Cycling in Bedfordshire
Cycling in Bedfordshire
Outside the big towns of Bedford and Luton – whose growing network for commuter and town cyclists, with a quarter being traffic-free, has seen recent increases in people getting round the town by bike – Bedfordshire is a county of quiet lanes and pretty villages such as Old Warden and Barton le Clay.
It’s a fine place to explore by bike. Three major railways give easy access to most of its 60-odd towns, and there are plenty of museums, parks, gardens and woods, plus Woburn Abbey and Whipsnade Zoo. Though close to London, it feels a long way away in the back lanes.
A trio of National Cycle Routes – various sections of NCN6, NCN12 and NCN51 – will eventually form a triangle round the county, and there are countless circular leisure rides from a few miles up to a full day out. Many start in Bedford and loop into the surrounding villages, such as the 23-mile Greenwood Trail.
NCN51 – a high-quality railtrail running seven miles or so from Bedford to Sandy – is one of the best routes, especially for families or inexperienced cyclists. Bedfordshire has its mostly gentle hills and rolling country, but routes don’t come flatter than NCN6. It runs mostly traffic-free from Luton through Dunstable to Leighton Buzzard, taking you along the winding towpath of the Grand Union Canal out to Milton Keynes.
If all that cycling gives you an appetite, your cafe stop might include a ‘clanger’ – the local speciality, a dumpling containing meat or jam, or both.
Cycling groups and clubs in Bedfordshire
Bedfordshire CTC (Bedford)
Rides for all from beginner to expert around the county. Club rides from 10 miles to 100km
Icknield Road Club (Luton)
Cycling club based in Flitwick, Ampthill, Luton and Bedfordshire
Leighton Buzzcycles (Leighton Buzzard)
Campaign group and cycling club that does rides and events
Chicksands Bike Park (Shefford)
Mountain bike trail centre and campaign group
WeeCycle Bedford Park Rotary Club (Bedford)
Organises annual charity rides
What to take with you on your ride
The only thing you really need for cycling is a bike. And maybe a phone, and credit card: in Britain you’re only a call away from any service you might need.
But unless money is no object, it’s wise to take a few things with you on a day ride. A saddlebag or rear rack and panniers are best for carrying stuff. A front basket is second best. A rucksack is third best. Your sweaty back will soon tell you why.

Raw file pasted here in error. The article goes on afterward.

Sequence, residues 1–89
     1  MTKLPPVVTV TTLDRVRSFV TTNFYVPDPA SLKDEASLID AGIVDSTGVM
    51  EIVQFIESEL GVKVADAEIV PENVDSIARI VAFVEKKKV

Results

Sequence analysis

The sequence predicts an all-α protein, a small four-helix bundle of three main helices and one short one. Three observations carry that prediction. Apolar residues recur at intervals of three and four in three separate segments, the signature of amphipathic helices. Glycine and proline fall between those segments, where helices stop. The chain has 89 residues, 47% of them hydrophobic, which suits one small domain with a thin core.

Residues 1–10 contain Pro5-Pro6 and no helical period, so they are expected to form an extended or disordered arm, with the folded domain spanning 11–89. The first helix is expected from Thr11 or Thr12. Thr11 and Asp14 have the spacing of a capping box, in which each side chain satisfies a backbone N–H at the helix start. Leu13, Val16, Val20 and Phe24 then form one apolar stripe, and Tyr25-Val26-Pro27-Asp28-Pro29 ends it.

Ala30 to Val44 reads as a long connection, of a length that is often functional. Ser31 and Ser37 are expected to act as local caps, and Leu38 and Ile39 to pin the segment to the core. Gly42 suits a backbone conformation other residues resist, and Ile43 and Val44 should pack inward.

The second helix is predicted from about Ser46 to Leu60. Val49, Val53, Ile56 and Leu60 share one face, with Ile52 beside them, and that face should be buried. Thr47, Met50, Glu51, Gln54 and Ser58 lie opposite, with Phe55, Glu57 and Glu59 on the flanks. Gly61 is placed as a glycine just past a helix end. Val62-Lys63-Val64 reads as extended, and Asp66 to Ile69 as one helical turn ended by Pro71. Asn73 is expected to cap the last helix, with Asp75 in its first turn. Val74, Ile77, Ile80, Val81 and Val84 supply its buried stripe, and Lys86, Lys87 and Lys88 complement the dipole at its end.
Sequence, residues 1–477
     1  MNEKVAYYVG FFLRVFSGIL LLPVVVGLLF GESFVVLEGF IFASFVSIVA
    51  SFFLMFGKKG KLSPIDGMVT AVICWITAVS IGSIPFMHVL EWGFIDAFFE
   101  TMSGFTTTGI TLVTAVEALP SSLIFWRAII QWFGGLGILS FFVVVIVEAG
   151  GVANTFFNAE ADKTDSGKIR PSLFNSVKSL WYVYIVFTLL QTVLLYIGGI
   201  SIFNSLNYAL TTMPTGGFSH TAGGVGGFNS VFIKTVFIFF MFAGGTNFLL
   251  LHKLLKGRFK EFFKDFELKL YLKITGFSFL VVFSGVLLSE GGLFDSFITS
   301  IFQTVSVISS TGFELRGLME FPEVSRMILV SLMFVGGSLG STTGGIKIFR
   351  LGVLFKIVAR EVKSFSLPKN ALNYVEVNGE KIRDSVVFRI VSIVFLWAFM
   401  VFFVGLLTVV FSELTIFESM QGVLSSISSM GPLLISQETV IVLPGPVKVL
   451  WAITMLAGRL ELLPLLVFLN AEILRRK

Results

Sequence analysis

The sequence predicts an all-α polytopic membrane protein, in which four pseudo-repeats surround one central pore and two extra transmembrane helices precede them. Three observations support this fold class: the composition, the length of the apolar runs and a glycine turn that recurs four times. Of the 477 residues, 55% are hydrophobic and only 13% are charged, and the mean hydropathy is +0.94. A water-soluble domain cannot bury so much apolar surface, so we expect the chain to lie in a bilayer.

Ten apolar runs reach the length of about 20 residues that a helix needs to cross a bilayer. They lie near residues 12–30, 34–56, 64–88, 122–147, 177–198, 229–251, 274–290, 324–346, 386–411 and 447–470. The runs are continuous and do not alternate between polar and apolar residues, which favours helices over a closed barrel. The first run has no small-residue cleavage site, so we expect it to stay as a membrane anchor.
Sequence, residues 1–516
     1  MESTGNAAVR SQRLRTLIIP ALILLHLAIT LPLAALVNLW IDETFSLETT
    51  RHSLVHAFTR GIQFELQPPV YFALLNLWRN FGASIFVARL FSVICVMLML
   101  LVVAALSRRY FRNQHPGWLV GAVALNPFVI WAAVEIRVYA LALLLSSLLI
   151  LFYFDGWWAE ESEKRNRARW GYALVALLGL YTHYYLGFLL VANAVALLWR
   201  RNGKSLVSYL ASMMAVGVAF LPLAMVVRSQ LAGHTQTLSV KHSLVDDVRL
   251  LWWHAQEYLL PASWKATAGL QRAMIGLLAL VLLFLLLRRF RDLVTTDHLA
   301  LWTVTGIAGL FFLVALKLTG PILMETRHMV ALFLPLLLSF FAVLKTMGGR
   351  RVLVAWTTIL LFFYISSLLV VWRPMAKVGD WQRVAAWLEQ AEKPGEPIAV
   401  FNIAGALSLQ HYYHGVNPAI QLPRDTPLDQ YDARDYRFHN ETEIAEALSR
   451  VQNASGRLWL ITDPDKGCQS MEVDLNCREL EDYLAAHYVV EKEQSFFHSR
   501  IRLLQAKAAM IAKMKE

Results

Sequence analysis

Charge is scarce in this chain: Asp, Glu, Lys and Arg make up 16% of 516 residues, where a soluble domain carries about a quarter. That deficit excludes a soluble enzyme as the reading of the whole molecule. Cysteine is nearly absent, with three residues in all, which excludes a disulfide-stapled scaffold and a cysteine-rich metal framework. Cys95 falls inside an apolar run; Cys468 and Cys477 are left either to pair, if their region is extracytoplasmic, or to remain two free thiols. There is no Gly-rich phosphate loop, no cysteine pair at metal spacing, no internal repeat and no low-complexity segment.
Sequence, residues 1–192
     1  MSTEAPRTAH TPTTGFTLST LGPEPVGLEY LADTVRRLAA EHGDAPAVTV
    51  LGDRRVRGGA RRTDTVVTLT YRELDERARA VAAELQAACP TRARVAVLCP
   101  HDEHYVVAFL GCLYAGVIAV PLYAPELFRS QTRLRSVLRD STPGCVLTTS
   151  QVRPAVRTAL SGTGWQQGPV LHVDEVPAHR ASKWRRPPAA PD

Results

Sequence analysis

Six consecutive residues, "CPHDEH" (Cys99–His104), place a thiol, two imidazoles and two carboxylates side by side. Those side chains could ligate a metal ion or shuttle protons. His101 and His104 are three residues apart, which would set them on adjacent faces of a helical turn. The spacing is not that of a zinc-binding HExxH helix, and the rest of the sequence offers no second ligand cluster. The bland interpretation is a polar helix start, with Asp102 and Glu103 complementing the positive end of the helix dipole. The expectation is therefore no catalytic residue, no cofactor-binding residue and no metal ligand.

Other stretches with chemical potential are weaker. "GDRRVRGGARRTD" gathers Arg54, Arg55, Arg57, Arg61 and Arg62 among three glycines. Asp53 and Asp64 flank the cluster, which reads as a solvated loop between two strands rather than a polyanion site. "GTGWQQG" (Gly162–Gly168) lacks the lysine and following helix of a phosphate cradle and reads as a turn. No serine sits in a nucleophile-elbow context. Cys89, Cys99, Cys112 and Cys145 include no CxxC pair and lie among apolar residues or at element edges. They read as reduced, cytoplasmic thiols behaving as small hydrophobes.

Cycling short distances in jeans and t-shirt is fine, but on a long or strenuous ride – over ten miles say, or in hills – those jeans will rub and the t-shirt will get damp and clingy. Shorts or, yes, lycra leggings and padded shorts will be much comfier, and merino or polyester cycling tops wick away the sweat, keeping you dry and comfy. (They don’t have to be lurid colours.)
If rain’s in the air, pack a rainproof top. If it might turn chilly, take a fleece or warm top. But the thing you’re most likely to forget is the sunblock.
It’s remarkable how often you enjoy being out on the bike so much that you suddenly realise it’s getting dark. So take lights (which are legally required at night). They’re price of a sandwich, take no space, are easy to put on thanks to tool-free plastic clips, and the batteries last for ever.
Take a puncture repair kit (with tyre levers) and pump. Make sure it fits your valves, which will be either ‘Presta’ or ‘Schraeder’ – realising they don’t match is a very common roadside discovery! Carrying a spare inner tube (make sure it matches your tyre size) makes puncture repair much easier: mend the old one back at home. If you do get in trouble, some kindly passing cyclist will probably stop to help.
Using a helmet is a personal choice – they’re not legally required.
Cycling makes you thirsty, so take lots of water. Long-distance riders talk about ‘the bonk’ – a sudden loss of energy rendering you almost stationary. It’s miraculously and instantly cured by eating something sweet. On short rides you’re unlikely to run out of energy, but just in case, take a snack like flapjack, banana, chocolate or jelly babies.
Taking a packed lunch or picnic will save you money, though that hot drink and cake in a cosy cafe could yet prove very tempting!
Your phone GPS could be invaluable for showing where you are when lost; you can download free detailed UK maps and GPS software before your trip.
Paper maps are still useful, though, so take one: no power source or wifi signal required, and they’re great for suggesting possibilities or changes of plan.